Why is lettuce so expensive?
Wild weather spurs growing prices.
The price of the summer staple has doubled since this time last year.
Today, a lettuce is selling from $5.50 to $5.99 in supermarkets, compared to the $2.34 it’d have cost you this time last year.
Similar to the strawberry shortage right before Christmas – lettuce is the latest victim of last year’s weather bomb.
December saw the equivalent of three months of rainfall experienced in 10 days. This, combined with the high levels of humidity afterwards, wreaked havoc on summer greens crops nationwide.
John Clarke, the managing director of Woodhaven Gardens, the biggest produce grower in the country, said the crop is down significantly – with many leafy greens such as spinach, silver beet and fresh cut lettuce affected by the weather.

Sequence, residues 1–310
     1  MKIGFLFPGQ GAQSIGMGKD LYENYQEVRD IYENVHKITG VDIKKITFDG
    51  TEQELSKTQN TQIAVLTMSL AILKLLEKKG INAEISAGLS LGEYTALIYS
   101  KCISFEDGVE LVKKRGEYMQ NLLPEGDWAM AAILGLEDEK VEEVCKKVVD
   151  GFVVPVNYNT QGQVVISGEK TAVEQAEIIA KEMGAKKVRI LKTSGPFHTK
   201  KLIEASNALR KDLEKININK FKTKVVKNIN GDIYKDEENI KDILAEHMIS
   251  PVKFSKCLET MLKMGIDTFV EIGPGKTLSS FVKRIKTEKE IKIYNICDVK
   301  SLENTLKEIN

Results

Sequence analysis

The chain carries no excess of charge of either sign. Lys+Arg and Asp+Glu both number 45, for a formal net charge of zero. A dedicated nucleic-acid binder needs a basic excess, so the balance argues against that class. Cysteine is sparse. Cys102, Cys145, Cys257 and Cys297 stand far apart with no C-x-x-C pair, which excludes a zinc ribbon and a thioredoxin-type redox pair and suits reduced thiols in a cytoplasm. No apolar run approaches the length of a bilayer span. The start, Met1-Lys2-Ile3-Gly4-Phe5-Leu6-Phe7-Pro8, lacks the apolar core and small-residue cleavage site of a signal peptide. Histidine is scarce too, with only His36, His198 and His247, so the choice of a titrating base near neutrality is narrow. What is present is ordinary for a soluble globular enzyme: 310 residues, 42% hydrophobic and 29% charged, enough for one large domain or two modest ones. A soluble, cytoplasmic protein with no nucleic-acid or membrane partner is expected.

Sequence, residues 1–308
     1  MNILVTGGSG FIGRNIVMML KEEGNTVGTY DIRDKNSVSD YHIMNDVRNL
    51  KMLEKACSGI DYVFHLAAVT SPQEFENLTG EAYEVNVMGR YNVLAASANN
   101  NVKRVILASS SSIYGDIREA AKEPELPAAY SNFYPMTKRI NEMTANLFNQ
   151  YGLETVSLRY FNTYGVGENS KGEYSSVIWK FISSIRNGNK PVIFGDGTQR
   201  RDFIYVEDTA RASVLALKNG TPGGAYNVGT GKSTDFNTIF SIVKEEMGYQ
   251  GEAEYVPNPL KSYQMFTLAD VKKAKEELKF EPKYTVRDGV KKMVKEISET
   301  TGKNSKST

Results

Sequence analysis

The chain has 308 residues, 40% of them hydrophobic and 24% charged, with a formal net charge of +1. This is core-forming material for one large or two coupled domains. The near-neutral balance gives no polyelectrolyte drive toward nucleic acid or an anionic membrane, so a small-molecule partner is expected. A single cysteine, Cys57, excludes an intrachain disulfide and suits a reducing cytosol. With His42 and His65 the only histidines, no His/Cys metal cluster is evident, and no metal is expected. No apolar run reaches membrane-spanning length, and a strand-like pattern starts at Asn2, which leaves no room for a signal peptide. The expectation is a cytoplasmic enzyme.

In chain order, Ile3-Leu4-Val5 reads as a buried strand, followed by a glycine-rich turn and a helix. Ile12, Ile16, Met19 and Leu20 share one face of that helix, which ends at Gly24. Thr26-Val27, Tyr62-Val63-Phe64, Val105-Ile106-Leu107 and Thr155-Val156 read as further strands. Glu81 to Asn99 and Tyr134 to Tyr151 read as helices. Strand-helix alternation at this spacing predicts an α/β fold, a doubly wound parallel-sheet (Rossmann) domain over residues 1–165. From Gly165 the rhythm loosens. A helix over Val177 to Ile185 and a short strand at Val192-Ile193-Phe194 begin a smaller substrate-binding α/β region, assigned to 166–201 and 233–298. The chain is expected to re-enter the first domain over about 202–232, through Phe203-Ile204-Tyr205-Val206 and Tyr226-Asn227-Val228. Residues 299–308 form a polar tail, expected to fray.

He said growers aren’t reaping extra profit despite the high prices – this increased price reflects the scarcity of product.
On top of that, costs for growing your vege have only been increasing.
Clarke estimates labour costs have increased around 40 percent in the past three years, nitrogen components and fertiliser costs have doubled, transport fuel costs have increased around 30 percent, and hire crate charges have increased too.
A concern is the rising cost of producing vege stopping consumers from buying and growers from growing, meaning there could be less local produce available in the future.
While the cost of some crops is soaring, don’t give up on getting your daily dose of fruit and vege.
Jerry Prendergast, president of United Fresh – which represents growers, exporters and retailers across New Zealand and runs the 5+ A Day Charitable Trust – encourages consumers to rethink their options and try cheaper alternatives.
“When lettuce is short – think about doing a Waldorf salad instead of a lettuce salad, or tomato or cucumber as there’s plenty of them at the moment.”